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Why Uganda Can’t Meet WHO's New Air Quality Measures

Atuyambe says in a study whose results are expected in November, they will be able to offer some pointers on how pollution is affecting lung health in the country. For now, people are advised to avoid jogging or taking walks during peak hours when there’s highest traffic because the particulate matter is extremely high at those times, and to adopt clean cooking practices.

Audio 5



Uganda has no capacity to measure the country’s levels of air pollution even as the World Health Organisation (WHO) has warned in its latest air quality guidelines that there’s now more damage to health by pollution than earlier estimated.

In the new guidelines which have been updated fifteen years since the 2005 global update, WHO has categorized six classical pollutants including particulate matter, ozone, nitrogen dioxide, sulphur dioxide, carbon dioxide and lead.

Prof. Lynn Atuyambe who heads a team of researchers conducting Air Quality Monitoring at the Makerere University School of Public Health told URN in an interview that Uganda can’t estimate where we stand as far as the classical pollutants are concerned because no thorough research has been done in the area.

WHO has adjusted almost all the air quality levels downwards, warning that exceeding the new air quality guideline levels is associated with significant risks to health.  At the same time, however, adhering to them could save millions of lives.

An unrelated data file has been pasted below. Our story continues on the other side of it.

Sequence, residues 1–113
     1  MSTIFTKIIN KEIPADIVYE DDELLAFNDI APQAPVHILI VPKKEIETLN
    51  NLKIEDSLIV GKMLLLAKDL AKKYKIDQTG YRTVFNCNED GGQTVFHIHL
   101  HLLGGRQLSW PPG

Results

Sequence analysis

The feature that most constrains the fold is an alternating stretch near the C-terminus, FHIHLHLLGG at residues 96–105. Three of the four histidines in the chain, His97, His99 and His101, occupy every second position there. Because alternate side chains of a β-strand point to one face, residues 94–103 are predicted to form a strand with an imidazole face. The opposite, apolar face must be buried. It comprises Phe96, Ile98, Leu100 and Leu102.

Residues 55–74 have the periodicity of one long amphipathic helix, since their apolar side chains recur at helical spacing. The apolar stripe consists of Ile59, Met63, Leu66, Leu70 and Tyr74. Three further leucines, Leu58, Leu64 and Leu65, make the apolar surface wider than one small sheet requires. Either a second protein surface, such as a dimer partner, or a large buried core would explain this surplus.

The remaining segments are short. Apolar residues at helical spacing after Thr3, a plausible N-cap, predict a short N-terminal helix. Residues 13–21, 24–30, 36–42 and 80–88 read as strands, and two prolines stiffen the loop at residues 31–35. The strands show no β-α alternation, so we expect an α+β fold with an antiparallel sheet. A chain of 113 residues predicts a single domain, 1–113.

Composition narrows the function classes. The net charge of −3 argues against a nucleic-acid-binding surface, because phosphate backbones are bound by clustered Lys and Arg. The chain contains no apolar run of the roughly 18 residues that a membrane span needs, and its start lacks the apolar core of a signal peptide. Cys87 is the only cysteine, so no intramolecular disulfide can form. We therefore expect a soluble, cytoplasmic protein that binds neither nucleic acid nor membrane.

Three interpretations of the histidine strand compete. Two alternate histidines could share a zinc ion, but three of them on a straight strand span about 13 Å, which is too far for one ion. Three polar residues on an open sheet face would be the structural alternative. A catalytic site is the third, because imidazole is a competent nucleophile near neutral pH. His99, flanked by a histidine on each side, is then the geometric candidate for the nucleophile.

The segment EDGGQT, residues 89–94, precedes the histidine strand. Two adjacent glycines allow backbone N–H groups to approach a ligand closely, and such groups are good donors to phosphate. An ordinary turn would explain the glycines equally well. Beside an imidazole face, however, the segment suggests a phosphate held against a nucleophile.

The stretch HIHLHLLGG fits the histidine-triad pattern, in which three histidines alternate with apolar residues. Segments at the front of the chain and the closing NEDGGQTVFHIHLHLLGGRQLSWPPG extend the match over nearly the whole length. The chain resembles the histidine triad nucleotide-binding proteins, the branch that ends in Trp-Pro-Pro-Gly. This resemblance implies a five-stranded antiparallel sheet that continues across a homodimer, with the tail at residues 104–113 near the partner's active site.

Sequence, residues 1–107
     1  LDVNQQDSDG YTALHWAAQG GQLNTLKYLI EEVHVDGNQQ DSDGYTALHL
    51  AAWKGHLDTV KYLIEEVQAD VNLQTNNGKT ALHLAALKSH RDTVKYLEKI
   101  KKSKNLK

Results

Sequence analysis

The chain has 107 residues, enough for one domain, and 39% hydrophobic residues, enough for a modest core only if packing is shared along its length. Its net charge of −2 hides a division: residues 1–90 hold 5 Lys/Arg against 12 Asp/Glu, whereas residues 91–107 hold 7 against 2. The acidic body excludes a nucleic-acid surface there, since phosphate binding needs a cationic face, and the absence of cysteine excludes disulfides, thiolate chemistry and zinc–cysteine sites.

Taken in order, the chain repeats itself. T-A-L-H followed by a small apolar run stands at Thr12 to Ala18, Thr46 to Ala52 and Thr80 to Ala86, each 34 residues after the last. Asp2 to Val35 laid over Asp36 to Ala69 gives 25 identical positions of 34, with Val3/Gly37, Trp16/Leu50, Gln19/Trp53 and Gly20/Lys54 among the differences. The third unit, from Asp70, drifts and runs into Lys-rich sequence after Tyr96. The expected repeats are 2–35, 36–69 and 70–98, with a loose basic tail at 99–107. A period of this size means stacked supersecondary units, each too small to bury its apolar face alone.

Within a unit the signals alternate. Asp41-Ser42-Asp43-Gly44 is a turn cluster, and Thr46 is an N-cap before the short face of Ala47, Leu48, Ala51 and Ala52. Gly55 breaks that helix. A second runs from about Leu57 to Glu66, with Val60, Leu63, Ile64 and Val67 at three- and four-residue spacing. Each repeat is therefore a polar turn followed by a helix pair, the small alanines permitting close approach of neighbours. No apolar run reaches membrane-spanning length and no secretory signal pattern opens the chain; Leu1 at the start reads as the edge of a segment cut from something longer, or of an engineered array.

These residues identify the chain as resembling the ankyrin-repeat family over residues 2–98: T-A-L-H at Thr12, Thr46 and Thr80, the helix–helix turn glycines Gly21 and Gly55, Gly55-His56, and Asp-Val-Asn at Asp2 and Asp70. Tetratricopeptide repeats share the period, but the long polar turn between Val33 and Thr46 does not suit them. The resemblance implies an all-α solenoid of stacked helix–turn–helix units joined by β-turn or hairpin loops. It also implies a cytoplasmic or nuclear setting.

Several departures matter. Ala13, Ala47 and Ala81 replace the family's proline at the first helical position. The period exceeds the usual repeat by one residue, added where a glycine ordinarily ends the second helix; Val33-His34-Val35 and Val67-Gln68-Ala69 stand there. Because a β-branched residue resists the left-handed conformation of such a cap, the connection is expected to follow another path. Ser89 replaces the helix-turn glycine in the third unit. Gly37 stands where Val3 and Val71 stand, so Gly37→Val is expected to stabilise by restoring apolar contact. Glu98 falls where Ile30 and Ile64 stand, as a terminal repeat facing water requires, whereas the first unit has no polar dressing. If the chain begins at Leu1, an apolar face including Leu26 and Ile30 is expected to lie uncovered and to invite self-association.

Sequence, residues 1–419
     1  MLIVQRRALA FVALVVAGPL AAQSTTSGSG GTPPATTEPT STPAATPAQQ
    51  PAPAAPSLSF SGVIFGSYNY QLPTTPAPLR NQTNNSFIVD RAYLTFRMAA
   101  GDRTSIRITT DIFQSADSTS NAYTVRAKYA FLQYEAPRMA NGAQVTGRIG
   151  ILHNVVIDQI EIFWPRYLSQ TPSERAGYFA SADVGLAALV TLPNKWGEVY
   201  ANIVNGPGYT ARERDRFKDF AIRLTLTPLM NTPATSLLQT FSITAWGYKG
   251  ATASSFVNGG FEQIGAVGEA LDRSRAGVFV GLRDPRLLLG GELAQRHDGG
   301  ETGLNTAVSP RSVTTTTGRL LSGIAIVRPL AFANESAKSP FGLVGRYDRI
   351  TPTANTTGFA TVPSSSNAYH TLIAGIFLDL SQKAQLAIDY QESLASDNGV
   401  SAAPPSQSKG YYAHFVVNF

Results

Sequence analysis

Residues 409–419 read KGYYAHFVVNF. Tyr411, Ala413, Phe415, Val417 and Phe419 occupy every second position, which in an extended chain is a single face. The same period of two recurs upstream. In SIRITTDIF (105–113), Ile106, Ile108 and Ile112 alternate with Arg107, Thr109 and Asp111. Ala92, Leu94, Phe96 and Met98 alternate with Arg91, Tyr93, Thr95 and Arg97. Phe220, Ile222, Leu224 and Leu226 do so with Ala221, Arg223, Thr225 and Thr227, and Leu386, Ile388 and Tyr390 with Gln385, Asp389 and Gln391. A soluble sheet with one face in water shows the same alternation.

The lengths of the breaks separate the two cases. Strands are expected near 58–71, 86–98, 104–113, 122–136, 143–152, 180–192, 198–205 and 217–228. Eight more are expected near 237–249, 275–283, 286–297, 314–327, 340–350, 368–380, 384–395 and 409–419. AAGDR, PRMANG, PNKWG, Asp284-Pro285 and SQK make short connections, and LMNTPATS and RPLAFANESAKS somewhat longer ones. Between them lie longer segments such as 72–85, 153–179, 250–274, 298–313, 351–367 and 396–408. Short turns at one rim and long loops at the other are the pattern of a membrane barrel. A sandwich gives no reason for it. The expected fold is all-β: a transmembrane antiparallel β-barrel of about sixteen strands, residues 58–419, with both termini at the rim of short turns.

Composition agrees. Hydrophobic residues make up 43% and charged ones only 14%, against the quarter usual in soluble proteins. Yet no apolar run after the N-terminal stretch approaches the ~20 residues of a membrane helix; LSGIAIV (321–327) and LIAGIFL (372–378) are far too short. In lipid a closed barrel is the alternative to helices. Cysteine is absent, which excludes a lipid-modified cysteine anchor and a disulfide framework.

Atuyambe says in a study whose results are expected in November, they will be able to offer some pointers on how pollution is affecting lung health in the country. 

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But, he says generally there isn't enough equipment to measure particulate matter, the only pollutant that has so far been moderately researched. The whole country has two machines and both are donor maintained.

Samuel Etajak, a scientist based at the East Africa GeoHealth Hub tells URN that if they have to do thorough analysis of pollution, they have to send samples to the United States. 

He says studies show particulate matter is the worst of all pollutants that it can be carried into the blood stream circulating to different parts of the body including the brain. 

This experts explains this is why pollution has been blamed for rise in heart disease which are on the rise in Uganda including ischemic heart disease and stroke.

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At the hub which houses the other air quality monitor, the first being stationed at the US embassy, he says they monitor three key areas including climate change, air pollution pollution and occupational health issues.  

He says authorities like the NEMA should have monitoring equipment in place to give constant alerts on air quality levels so that appropriate solutions are put in place to curb specific kinds of pollution.

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Experts say, the exact extent of the pollution in Uganda can be estimated if laboratories are set up and equipped to be able to handle the various pollutants. He said with the recent research in which they were testing how pregnant mothers and children are affected by pollution, they had to borrow equipment. 

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In countries that have defeated pollution, Atuyambe says it has been a concerted effort between different entities coming up with interventions right from the family level where people need to adopt clean cooking practices and avoid proper disposal of waste including a ban on dangerous items like plastics. 

When it comes to wellness, he says people shouldn’t jog or take walks during peak hours when there’s highest traffic because the particulate matter is too high at those times.

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